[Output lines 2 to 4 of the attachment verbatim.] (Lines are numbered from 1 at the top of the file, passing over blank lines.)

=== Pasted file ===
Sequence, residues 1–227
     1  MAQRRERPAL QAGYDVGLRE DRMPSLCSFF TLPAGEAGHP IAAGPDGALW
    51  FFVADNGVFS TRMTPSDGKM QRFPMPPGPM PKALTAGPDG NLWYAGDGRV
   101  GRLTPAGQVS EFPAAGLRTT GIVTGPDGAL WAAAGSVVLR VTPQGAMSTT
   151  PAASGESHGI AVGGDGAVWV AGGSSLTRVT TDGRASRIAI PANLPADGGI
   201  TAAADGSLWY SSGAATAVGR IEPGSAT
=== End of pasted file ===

     1  MAQRRERPAL QAGYDVGLRE DRMPSLCSFF TLPAGEAGHP IAAGPDGALW
    51  FFVADNGVFS TRMTPSDGKM QRFPMPPGPM PKALTAGPDG NLWYAGDGRV
   101  GRLTPAGQVS EFPAAGLRTT GIVTGPDGAL WAAAGSVVLR VTPQGAMSTT